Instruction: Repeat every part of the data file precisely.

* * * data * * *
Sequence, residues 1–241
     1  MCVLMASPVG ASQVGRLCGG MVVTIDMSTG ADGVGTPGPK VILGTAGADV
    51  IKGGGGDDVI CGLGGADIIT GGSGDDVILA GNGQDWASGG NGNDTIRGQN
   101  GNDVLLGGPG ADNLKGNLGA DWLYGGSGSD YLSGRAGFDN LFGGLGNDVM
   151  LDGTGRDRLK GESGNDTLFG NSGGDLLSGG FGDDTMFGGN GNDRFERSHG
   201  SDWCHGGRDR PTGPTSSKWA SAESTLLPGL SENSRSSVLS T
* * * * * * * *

Sequence, residues 1–241
     1  MCVLMASPVG ASQVGRLCGG MVVTIDMSTG ADGVGTPGPK VILGTAGADV
    51  IKGGGGDDVI CGLGGADIIT GGSGDDVILA GNGQDWASGG NGNDTIRGQN
   101  GNDVLLGGPG ADNLKGNLGA DWLYGGSGSD YLSGRAGFDN LFGGLGNDVM
   151  LDGTGRDRLK GESGNDTLFG NSGGDLLSGG FGDDTMFGGN GNDRFERSHG
   201  SDWCHGGRDR PTGPTSSKWA SAESTLLPGL SENSRSSVLS T